Story at a glance
- A pattern or practice investigation is being launched by the Department of Justice into the practices and culture of the Louisville Police Department.
- Last year, 26-year-old Breonna Taylor was shot and killed during a police raid in Louisville, inciting anger and calls for reform.
- This is the second investigation launched by DOJ into civil rights abuses by police in the past week, after a similar one was announced for Minneapolis.
Attorney General Merrick Garland announced yesterday that the Department of Justice intends to launch a sweeping investigation into the Louisville Metro Police Department. The news arrives on the heels of a guilty verdict handed to former Minneapolis police officer Derek Chauvin, who was found responsible for the death of a Black man, George Floyd.
Floyd’s death amongst others, especially men of color, at the hands of police officers inspired the opening of a pattern or practice investigation into the City of Minneapolis and the Minneapolis Police Department less than a week ago.
The investigation by the Department of Justice will assess all types of force used by MPD officers, including uses of force involving individuals with behavioral health disabilities and uses of force against individuals engaged in activities protected by the First Amendment.
The pattern or practice investigation in Louisville seeks to assess the same, following the high profile death of a Black woman, Breonna Taylor, who was shot in her home by Louisville police officers last year. Following her death, the city settled a wrongful death lawsuit with Taylor's family in September for $12 million. The settlement included a series of police reforms, and Louisville had earlier also banned no-knock warrants.
Garland announced on Monday that the Justice Department will look into whether city police officers have a pattern of civil rights violations and whether the force “engages in a pattern or practice of using unreasonable force, including with respect to people involved in peaceful expressive activities.”
Garland added that the inquiry will also determine if the police department “engages in unconstitutional stops, searches, and seizures, as well as whether the department unlawfully executes search warrants on private homes” and if officers discriminate in their policing “on the basis of race.”
What if a pattern or practice of misconduct is found?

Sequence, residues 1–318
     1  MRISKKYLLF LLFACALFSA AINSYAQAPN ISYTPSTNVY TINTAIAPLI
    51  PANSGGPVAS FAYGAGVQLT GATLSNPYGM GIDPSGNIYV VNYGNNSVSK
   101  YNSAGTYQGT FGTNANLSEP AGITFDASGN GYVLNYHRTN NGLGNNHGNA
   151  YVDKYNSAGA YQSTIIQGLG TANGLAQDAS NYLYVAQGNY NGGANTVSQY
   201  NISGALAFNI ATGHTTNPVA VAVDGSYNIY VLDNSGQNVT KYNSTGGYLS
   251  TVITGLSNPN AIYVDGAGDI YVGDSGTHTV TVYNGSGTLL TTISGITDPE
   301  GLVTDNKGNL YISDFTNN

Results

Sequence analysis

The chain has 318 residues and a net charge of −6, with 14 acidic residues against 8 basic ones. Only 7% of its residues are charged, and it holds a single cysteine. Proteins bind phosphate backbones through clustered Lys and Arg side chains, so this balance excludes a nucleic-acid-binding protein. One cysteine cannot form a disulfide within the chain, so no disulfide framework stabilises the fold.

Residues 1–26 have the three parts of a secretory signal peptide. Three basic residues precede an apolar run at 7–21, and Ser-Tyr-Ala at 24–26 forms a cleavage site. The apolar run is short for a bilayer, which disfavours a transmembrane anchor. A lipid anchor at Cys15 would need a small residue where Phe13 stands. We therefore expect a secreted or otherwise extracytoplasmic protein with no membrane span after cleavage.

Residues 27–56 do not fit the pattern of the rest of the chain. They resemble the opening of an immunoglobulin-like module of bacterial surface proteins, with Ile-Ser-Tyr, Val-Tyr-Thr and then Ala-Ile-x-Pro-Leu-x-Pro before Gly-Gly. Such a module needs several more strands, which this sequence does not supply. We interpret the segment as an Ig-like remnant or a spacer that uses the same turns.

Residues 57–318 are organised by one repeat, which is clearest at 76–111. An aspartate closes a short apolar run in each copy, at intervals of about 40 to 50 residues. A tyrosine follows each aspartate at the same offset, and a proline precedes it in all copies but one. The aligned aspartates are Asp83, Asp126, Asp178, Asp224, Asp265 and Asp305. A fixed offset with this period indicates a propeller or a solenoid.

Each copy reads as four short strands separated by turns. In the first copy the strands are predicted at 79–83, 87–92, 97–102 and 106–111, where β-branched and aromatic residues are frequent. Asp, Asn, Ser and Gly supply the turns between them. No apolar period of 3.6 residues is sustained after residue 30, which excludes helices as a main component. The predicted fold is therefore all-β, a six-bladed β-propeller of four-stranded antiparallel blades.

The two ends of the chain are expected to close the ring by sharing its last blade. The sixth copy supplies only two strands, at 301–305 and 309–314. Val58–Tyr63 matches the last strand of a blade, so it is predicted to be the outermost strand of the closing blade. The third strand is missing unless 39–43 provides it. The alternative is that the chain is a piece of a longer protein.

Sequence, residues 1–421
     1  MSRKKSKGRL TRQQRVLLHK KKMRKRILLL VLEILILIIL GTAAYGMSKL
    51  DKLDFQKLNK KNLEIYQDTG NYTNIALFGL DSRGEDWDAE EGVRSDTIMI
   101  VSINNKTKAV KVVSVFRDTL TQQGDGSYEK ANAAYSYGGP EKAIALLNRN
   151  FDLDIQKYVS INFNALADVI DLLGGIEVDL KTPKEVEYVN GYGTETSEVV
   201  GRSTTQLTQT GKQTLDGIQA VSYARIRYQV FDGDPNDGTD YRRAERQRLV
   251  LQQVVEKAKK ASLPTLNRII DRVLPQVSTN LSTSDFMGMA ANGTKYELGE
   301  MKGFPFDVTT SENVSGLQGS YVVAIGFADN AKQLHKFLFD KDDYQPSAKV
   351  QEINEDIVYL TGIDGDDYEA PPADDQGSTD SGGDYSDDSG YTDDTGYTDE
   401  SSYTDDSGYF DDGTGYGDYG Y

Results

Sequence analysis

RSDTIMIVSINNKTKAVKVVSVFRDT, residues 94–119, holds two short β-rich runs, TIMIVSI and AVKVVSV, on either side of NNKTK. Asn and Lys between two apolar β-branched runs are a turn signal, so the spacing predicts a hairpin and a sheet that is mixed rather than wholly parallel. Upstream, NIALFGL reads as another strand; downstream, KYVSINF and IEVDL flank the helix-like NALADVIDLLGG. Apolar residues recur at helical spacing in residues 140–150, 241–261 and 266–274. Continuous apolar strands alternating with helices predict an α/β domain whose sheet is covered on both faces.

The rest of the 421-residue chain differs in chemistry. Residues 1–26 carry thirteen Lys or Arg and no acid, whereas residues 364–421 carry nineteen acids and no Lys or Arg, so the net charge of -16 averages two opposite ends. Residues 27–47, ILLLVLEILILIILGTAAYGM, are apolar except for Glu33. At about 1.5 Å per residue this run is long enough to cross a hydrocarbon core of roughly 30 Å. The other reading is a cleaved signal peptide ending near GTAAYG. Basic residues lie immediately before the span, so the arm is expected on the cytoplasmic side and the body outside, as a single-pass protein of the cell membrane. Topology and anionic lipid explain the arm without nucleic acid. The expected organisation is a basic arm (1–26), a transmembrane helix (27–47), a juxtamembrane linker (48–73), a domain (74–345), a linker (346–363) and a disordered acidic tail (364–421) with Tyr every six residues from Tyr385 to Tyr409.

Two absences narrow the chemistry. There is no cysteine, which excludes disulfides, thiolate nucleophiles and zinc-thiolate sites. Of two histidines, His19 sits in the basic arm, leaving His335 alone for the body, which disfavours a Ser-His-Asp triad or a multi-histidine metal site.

If prosecutors in the Justice Department’s Civil Rights Division determine there is a pattern or practice of misconduct, they will issue a public report of their findings and insist on reforming the police department, according to Garland’s statements on Monday.
“All of these steps will be taken with one goal in mind: to ensure that policing policies and practices are constitutional and lawful,” Garland said.
According to the DOJ, its Civil Rights Division has launched pattern or practice investigations into departments across the country, whether the department is as small as six officers or as large as 17,000. The first step in this specific investigation type involves independent investigation that assesses whether any systemic deficiencies contribute to misconduct.
At the conclusion of an investigation, the division issues a public report detailing the findings. If the division has determined patterns or practices of misconduct, they will articulate them and work alongside the department, with input from community stakeholders, as the department remedies the identified problematic patterns or behavior. These agreements are called consent decrees. If the police department in question refuses or is unable to reach a reform agreement, the DOJ then has authority to initiate a lawsuit to secure those reforms.
The Justice Department has 12 active consent decrees with police departments across the country, as well as four other agreements that were reached out of court.
The reintroduction of pattern or practice
The probe in Louisville is the fifth publicly confirmed pattern or practice investigation pending by the Civil Rights Divisions' Special Litigation Section. They’re a type of investigation that was not only scaled back by the Justice Department under the Trump administration, but new restrictions were also put into place regarding the tools that attorneys had to enter long-term settlements with police departments.
Last year, President Biden campaigned on the revival of such investigations, as they are considered powerful tools for police reform. Garland’s back-to-back announcements of the investigations placed upon Minneapolis and Louisville signal a renewed focus on the practices and standards within the country’s local law enforcement departments.
“Justice is sometimes slow, sometimes elusive and sometimes never comes,” Garland said during his announcement of the Mineappolis probe last week. “The DOJ will be unwavering in its pursuit of equal justice under the law.”
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